This stop at the Gauthe’s was scheduled, but I had not expected to see anyone at the house. They were supposed to be out of town. I figured that I would just drag my gear up to the house, camp out for the night, and take off in the morning. To my pleasant surprise, David and Sharon had not yet left for their trip – they were running a little late. I rolled over to the house and Mrs. Sharon popped out of the front door. I smelled like a stagnant bayou, but she invited me in without batting an eye.  Mr. David joined us as we caught up. I rolled my rig behind their house, set up my tent in their giant back yard, and started to hang up clothes and gear to dry. Mr. David came out and we talked for quite a while. He showed me how he repurposed a trampoline into a greenhouse for his vegetables and how the playhouse was actually set up on giant sleds so that he could pull it around with his tractor! A diagonal path cut straight through a massive patch of clovers – a clearing for all the children who would participate in the upcoming easter egg hunt. He told me about how he used to work at an old sugar mill, and he took me into his shed to show me the huge collection of ancient, pre-electricity, sugar mill tools. When we came out the shed, we were greeted by Mrs. Sharon. Very ready to hit the road, it was obvious that she had been looking for us. My tour of the shed was over.

Campsite. Thibodeaux.

Campsite. Thibodeaux.

From tent. Thibodeaux.

 

Day 3 – Thibodeaux to Raceland – 4/11/14

In the morning everything was soaked from the dew. All of the clothes and gear that I had hung up to dry was wetter than before. I also woke up with a very upset stomach – not the kind of ailment you’d like to have when hopping into a kayak for unknown hours. My morning felt wasted, waiting for things to dry and for my stomach to settle. I took this opportunity to charge my batteries, and finally at 9:10AM I felt confident enough to start my paddle.

Moss. Thibodeaux.

I stopped, after only two miles of paddling, at the Wetlands Acadian Cultural Center in Thibodeaux – one of six sites that makes up the Jean Lafitte National Historic Park and Preserve. I walked around town a little, probably just stalling for the unavoidable task ahead, getting around or over the weir in Thibodeaux.

20140409dtb_webedit063Break at Jean Lafitte Park. Thibodeaux.Ducks at Jean Lafitte Park. Thibodeaux.Ducks at Jean Lafitte Park. Thibodeaux.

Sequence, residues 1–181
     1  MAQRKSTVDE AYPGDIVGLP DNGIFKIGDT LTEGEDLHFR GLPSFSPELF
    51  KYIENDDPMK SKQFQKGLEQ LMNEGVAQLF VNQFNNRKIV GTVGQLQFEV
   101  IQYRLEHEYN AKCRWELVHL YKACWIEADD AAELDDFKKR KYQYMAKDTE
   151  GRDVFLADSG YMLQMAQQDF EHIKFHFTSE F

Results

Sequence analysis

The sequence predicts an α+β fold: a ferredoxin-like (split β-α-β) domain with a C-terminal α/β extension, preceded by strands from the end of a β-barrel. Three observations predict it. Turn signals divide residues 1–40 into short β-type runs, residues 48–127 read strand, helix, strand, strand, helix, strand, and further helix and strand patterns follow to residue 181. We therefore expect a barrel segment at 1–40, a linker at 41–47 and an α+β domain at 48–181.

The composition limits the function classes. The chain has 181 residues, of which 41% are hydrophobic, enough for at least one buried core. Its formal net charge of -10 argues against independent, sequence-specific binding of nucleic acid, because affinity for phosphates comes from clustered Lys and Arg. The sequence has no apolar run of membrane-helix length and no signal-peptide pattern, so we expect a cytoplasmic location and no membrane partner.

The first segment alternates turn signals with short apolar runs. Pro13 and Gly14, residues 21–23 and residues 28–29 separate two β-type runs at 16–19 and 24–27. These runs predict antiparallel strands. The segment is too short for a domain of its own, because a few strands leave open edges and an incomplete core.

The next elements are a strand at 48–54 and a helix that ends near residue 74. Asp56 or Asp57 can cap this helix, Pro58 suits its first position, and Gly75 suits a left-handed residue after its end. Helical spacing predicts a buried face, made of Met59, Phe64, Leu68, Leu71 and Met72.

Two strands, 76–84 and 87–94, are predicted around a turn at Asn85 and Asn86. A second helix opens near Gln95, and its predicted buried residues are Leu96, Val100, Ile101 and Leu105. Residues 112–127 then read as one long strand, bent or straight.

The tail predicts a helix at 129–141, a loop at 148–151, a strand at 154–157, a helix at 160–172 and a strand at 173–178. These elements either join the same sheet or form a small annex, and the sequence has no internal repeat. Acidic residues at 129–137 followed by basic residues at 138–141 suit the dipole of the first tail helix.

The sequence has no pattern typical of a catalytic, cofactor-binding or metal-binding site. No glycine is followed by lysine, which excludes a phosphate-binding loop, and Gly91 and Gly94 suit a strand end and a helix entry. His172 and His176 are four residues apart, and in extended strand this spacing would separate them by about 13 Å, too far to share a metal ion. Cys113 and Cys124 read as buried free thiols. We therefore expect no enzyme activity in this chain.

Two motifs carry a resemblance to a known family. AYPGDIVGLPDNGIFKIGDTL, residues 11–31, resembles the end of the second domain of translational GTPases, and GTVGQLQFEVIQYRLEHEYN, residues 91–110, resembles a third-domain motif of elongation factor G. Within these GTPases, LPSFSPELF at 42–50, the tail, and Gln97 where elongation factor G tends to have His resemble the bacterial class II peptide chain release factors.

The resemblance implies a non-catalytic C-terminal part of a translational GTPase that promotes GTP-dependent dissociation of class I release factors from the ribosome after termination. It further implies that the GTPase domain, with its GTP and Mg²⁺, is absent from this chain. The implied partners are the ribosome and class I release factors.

A weir is a man-made blockage of a body of water, typically used to divert or change the flow in some way – think tiny dam. Bayou Lafourche currently has one such weir in Thibodeaux. On my last trip, I laughably pulled out of the bayou, attached the wheel kit, and lugged my 80+ pound rig through the city. By the time I got back to the bayou, I was exhausted. The steep slope back into the water was lined with jagged concrete blocks and oyster shells.  I shredded both my legs and the underside of my kayak on this sawtoothed slope.  My new plan was to pull out earlier, leave the boat in the water, and simply tow it over the weir. That idea fizzled as soon as I pulled up to the barrier. A fence jutting from the bank thwarted my plan (you can see it in the background of the image below). I would have to pull the boat up the bank and around again. This time, once atop the bank, I would only have to drag the boat about 200 feet before lowering it back down into the water. I got as close as I could to the weir and hopped out of my boat as carefully as I could, trying not to disturb a giant mother duck on its nest. I slowly pulled the heavy load up the steep slope, pushed it a few hundred feet along the downtown Thibodeaux sidewalk, and with a rope, slowly lowered it down the jagged concrete and oyster shell strewn slope on the other side of the weir. In 2011, it took me 1 hour and 50 minutes to navigate around the weir. On this trip I hopped around it in a mere 30 minutes.